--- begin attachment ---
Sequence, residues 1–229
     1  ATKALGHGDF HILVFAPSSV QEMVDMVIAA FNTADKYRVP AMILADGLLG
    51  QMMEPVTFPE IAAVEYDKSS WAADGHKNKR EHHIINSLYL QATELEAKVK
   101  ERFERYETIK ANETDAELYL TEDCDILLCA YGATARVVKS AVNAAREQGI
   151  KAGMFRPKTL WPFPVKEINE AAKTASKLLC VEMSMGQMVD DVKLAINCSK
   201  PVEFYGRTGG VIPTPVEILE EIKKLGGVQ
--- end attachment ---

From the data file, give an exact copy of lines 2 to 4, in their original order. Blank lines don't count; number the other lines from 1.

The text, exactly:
     1  ATKALGHGDF HILVFAPSSV QEMVDMVIAA FNTADKYRVP AMILADGLLG
    51  QMMEPVTFPE IAAVEYDKSS WAADGHKNKR EHHIINSLYL QATELEAKVK
   101  ERFERYETIK ANETDAELYL TEDCDILLCA YGATARVVKS AVNAAREQGI